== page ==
Government censorship | Article about Government censorship …

the control exercised by official authorities, whether secular or ecclesiastical, over the contents, publication, and circulation of printed matter, over the performance of plays and other stage works, and over fine arts and photographic exhibits, motion pictures, radio and television broadcasts, and sometimes even private correspondence for the purpose of preventing or limiting the dissemination of ideas and information deemed by such authorities to be undesirable or harmful.

Censorship may be imposed either before or after release of a given work. In the case of prior censorship, permission must be obtained before a book can be published, for example, or a play produced, whereas ex post facto censorship is exercised through the review of works that have already been published or otherwise released and through the restriction or prohibition of any work that violates the rules of censorship.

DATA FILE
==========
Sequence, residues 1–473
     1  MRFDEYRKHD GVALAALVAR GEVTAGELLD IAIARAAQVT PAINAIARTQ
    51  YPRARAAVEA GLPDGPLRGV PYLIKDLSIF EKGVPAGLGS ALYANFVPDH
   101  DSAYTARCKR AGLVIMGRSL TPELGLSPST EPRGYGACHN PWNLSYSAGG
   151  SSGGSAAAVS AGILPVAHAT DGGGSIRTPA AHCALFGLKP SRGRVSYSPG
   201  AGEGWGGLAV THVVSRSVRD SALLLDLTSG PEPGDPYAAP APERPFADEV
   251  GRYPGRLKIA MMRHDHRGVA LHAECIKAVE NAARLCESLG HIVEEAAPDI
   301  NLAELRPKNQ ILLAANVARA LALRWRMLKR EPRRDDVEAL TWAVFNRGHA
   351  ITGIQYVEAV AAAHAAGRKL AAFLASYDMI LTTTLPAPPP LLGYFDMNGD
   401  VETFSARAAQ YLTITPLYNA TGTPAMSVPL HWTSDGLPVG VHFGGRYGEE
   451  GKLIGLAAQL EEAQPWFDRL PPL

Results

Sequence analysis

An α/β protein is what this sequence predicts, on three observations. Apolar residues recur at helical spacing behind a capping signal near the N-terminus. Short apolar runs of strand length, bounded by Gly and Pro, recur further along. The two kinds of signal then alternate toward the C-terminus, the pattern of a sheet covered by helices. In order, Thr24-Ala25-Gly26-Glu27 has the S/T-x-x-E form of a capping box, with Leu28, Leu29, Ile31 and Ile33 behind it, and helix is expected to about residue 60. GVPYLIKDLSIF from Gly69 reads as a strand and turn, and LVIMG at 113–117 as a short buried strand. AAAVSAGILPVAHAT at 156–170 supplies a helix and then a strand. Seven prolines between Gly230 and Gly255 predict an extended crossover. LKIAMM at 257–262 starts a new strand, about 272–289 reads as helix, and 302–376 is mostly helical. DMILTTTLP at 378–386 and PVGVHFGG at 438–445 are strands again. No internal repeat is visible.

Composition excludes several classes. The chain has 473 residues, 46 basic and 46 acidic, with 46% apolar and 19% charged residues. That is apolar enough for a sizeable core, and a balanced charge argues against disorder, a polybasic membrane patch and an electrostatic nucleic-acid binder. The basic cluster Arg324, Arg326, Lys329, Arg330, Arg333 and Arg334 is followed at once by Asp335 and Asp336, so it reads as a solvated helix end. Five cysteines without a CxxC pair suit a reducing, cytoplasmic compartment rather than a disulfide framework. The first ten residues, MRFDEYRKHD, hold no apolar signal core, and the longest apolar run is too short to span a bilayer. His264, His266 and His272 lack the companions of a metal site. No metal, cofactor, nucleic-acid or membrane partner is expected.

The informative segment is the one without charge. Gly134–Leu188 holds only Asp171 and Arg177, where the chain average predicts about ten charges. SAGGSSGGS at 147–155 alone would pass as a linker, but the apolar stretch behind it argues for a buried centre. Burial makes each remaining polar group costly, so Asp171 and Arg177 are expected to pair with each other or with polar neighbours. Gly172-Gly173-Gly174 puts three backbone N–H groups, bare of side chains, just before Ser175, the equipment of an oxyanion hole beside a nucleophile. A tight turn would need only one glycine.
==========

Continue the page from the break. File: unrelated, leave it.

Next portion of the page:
During the Middle Ages, censorship was exercised by the church authorities over theological and liturgical manuscripts in order to prevent heresies or other deviations from official church standards. The church issued book-banning decrees as well. In the 14th century, under Pope Urban VI, it was decreed that only those books could be used that were faithful copies of the originals and whose contents were not contrary to church dogma. In the early 15th century, Pope Martin V instituted a college of bishops that had control over the contents of books. Somewhat later, censorship functions were assumed by the secular state with respect to book copyists and the contents of books produced by them; such functions were usually exercised by the universities.